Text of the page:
For Quigley, the institute focused on bisexuality, which was informative and helpful in gaining insight from other’s experiences. A part of the institute involved discussions on the history of bisexuality and how the community grew and developed over time. Toward the end of the session, attendees were asked to share their vision for the future of bisexuality.

“I really love being queer and being part of this community,” Quigley said. “Growing up in a conservative state for me, being here in Boston and then at a queer conference, it was nice being around so many people that were so open.”

Visual media arts senior and EAGLE Advisory Board member Luka Collins also attended the institute on bisexuality, finding the content of the session valuable in starting conversations about the history of certain sexualities.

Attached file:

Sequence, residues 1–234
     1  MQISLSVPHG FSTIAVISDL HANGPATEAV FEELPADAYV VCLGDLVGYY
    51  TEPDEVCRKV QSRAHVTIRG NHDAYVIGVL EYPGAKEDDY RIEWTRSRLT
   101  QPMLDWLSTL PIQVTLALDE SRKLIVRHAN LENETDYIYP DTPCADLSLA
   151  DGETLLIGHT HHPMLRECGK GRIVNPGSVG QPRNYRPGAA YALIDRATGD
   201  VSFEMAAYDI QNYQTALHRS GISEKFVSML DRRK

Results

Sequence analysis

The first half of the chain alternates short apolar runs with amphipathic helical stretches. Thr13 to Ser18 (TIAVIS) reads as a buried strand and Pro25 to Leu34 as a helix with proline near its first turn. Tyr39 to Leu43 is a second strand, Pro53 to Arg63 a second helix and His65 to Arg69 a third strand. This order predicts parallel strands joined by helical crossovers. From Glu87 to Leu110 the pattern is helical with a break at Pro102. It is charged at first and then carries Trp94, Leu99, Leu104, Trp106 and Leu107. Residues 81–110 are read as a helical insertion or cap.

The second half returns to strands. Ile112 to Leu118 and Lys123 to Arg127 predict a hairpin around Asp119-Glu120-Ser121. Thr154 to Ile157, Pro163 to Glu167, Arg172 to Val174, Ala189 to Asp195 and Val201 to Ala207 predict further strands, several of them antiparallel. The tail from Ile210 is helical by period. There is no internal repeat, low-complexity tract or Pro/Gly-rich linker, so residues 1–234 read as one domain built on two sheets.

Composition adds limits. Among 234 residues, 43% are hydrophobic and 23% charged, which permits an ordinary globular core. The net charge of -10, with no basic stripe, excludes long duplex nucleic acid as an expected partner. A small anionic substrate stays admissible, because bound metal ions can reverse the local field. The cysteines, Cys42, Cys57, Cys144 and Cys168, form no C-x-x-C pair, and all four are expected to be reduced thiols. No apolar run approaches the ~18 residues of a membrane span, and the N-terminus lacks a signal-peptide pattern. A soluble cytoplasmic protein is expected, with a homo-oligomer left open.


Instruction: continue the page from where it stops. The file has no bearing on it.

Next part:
“Very often, we don’t learn the history of sexuality and its involvement in the general LGBT movement mostly because it’s sort of invisible despite 56 percent of the LGBTQ+ community being bisexual,” Collins said. 

One of the workshops Quigley attended centered around changing queer narratives. A reflection prompt posed during the session was “Think of a pivotal moment in your queer journey,” allowing Quigley to “think about what we define as queer.”

“It was a little difficult,” Quigley said, referring to the process of reflecting. “I lost my aunt recently, and she was a big inspiration for me because she was also asexually romantic. We helped each other figure out our identity. It was difficult remembering that, but also nice to remember.”